These amendments will remove existing restrictions on payment and financing terms for authorized exports and reexports to Cuba of items other than agricultural items or commodities, and establish a case-by-case licensing policy for exports and reexports of items to meet the needs of the Cuban people, including those made to Cuban state-owned enterprises.  These amendments will further facilitate travel to Cuba for authorized purposes by allowing blocked space, code-sharing, and leasing arrangements with Cuban airlines; authorizing additional travel-related and other transactions directly incident to the temporary sojourn of aircraft and vessels; and authorizing additional transactions related to professional meetings and other events, disaster preparedness and response projects, and information and informational materials, including transactions incident to professional media or artistic productions in Cuba.

To see the Treasury regulations, which can be found at 31 Code of Federal Regulations (CFR), part 515, please see here.

To see the Commerce regulations, which can be found at 15 CFR part 746, please see here.  Effective January 27, major elements of the changes in the revised regulations include:

Financing
Removing financing restrictions for most types of authorized exports.

  • Restrictions on payment and financing terms for authorized exports and reexports, except for agricultural commodities and agricultural items, will be removed, and U.S. depository institutions will be authorized to provide financing, including, for example, issuing a letter of credit for such exports and reexports.  Currently, payment and financing terms for all authorized exports are restricted to cash-in-advance or third-country financing.  Effective January 27, 2016, examples of permissible payment and financing terms for authorized non-agricultural exports and reexports will include: payment of cash in advance; sales on an open account; and financing by third-country financial institutions or U.S. financial institutions. OFAC is required by statute to maintain the existing limitations on payment and financing terms for the export and reexport of agricultural commodities and agricultural items.

Exports
Additional amendments to increase support for the Cuban people and facilitate authorized exports.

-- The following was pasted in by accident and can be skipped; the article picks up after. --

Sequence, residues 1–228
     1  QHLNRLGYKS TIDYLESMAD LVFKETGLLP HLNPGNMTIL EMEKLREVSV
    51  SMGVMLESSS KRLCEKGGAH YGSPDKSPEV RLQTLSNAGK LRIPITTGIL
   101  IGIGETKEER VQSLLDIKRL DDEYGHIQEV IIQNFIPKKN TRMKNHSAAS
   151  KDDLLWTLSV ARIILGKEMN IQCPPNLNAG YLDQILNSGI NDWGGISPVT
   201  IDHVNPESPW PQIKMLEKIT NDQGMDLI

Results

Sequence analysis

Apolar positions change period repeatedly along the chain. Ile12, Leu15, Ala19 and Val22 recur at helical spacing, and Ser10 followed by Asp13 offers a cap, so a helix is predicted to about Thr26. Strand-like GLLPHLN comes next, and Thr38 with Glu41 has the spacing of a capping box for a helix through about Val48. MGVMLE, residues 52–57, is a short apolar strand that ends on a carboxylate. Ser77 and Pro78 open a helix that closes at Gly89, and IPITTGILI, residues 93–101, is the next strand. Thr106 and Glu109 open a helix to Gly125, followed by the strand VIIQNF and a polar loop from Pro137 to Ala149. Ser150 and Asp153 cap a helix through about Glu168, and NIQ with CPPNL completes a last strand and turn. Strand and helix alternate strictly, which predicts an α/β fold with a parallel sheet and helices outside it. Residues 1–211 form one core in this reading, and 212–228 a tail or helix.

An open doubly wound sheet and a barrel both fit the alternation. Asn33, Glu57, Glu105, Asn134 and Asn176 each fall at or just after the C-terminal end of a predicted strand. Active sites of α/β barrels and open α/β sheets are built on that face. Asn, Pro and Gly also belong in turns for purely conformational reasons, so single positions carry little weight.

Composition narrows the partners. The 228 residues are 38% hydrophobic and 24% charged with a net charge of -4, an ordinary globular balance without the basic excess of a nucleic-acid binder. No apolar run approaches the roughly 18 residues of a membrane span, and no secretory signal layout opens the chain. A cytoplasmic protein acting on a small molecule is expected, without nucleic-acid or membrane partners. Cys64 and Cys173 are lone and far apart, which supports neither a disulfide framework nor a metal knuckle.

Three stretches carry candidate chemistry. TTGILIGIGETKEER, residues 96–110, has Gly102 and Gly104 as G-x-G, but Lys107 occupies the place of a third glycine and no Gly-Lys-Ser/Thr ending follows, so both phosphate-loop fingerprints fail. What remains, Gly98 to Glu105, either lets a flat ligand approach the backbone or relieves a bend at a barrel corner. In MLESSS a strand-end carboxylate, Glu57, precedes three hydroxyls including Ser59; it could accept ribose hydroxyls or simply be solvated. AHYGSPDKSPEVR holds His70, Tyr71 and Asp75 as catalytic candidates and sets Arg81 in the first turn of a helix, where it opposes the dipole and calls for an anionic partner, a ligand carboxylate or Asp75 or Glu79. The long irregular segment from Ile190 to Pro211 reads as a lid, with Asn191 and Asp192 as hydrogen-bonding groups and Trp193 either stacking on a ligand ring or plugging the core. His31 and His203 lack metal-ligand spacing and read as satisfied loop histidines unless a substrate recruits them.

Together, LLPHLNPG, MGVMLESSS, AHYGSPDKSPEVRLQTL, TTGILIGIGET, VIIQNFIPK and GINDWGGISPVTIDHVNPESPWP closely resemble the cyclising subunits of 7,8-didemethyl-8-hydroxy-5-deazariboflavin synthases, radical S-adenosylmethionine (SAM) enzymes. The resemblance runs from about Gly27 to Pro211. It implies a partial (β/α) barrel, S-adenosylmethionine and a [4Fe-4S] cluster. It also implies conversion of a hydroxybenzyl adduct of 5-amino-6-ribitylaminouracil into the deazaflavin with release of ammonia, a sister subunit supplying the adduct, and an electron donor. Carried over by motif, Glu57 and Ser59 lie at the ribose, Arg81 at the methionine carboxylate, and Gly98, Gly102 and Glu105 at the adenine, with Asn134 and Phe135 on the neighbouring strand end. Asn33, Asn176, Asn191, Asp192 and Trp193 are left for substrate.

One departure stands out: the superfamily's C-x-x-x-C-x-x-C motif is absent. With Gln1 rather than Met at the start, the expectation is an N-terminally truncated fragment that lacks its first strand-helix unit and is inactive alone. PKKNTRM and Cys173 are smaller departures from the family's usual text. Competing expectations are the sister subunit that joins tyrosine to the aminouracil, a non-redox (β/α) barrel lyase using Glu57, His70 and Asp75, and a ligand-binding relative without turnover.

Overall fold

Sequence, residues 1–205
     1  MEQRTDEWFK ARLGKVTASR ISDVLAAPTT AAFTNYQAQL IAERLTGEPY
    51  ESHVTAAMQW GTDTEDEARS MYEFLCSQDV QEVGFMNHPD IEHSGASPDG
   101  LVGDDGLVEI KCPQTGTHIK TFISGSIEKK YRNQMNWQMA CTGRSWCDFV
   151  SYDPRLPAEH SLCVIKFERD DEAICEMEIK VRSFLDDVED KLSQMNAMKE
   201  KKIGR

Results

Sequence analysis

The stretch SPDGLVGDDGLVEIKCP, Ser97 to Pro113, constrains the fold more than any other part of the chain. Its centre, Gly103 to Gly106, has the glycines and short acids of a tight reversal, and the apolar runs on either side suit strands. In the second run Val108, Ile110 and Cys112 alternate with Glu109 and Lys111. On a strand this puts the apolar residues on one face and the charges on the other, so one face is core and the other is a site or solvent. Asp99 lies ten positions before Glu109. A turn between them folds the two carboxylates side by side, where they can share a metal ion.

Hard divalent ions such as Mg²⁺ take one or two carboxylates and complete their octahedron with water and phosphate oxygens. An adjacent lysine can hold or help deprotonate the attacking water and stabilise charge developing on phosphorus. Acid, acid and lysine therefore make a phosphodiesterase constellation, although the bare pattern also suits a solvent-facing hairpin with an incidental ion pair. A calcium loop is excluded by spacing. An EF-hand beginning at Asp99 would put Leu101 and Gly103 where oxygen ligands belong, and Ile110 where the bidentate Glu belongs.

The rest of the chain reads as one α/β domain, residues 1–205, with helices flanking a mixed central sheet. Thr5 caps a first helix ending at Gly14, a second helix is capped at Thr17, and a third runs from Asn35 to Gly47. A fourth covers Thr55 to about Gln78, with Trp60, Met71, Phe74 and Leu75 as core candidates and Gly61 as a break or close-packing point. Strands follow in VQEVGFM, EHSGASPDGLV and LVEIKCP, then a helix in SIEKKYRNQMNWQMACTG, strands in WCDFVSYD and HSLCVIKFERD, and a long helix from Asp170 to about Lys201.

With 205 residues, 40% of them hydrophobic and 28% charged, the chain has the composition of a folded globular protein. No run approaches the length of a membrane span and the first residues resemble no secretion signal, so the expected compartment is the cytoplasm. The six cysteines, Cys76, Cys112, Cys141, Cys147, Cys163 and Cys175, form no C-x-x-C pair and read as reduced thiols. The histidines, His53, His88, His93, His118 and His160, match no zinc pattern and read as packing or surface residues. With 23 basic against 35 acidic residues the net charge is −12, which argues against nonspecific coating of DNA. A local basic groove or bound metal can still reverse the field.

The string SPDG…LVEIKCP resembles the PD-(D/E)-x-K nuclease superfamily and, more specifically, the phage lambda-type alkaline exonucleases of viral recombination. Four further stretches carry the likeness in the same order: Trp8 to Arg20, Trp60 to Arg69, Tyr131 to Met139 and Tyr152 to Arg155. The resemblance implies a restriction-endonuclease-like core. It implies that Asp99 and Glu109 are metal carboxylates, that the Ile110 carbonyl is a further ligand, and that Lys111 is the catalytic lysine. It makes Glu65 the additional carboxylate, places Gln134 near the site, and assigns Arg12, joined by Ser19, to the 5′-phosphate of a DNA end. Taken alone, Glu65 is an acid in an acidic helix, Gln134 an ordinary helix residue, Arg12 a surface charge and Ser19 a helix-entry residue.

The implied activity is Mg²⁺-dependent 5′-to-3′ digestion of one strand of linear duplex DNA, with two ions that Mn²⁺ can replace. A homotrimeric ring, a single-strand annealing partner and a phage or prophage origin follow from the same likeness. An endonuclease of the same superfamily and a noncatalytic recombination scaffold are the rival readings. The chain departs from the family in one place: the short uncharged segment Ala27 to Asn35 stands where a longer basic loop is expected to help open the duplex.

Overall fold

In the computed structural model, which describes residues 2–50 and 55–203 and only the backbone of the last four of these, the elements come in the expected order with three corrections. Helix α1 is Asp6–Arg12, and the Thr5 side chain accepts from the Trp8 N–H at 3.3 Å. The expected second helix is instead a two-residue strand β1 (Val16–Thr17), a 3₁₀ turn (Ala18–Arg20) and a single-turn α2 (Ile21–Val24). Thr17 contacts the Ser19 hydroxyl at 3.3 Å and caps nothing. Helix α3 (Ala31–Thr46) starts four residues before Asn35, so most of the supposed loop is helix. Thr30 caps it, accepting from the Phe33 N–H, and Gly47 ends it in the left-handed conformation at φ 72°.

• Certain Additional Transactions Authorized. OFAC is expanding an existing general license to authorize certain additional travel-related transactionsas are directly incident to the conduct of market research; commercial marketing; sales or contract negotiation; accompanied delivery; installation; leasing; or servicing in Cuba of items consistent with the export or reexport licensing policy of the Department of Commerce, provided that the traveler’s schedule of activities does not include free time or recreation in excess of that consistent with a full-time schedule.
  • Civil society. BIS will generally approve license applications for exports and reexports of commodities and software to human rights organizations or to individuals and non-governmental organizations that promote independent activity intended to strengthen civil society in Cuba.
  • News gathering. BIS will generally approve license applications for exports and reexports of commodities and software to U.S. news bureaus in Cuba whose primary purpose is the gathering and dissemination of news to the general public.
  • Telecommunications. BIS will generally approve license applications for exports and reexports of telecommunications items that would improve communications to, from, and among the Cuban people.
  • Agriculture. BIS will generally approve license applications for exports and reexports of certain agricultural items (such as agricultural commodities not eligible for a license exception; insecticides; pesticides; and herbicides).
  • Civil aviation safety. BIS will generally approve license applications for exports and reexports of items necessary to ensure the safety of civil aviation and the safe operation of commercial aircraft engaged in international air transportation, including the export or reexport of such aircraft leased to state-owned enterprises.
  • Meeting the needs of the Cuban people. BIS is creating a case-by-case licensing policy that will apply to exports and reexports of items to meet the needs of the Cuban people, including exports and reexports for such purposes made to state-owned enterprises and agencies and organizations of the Cuban government that provide goods and services to the Cuban people.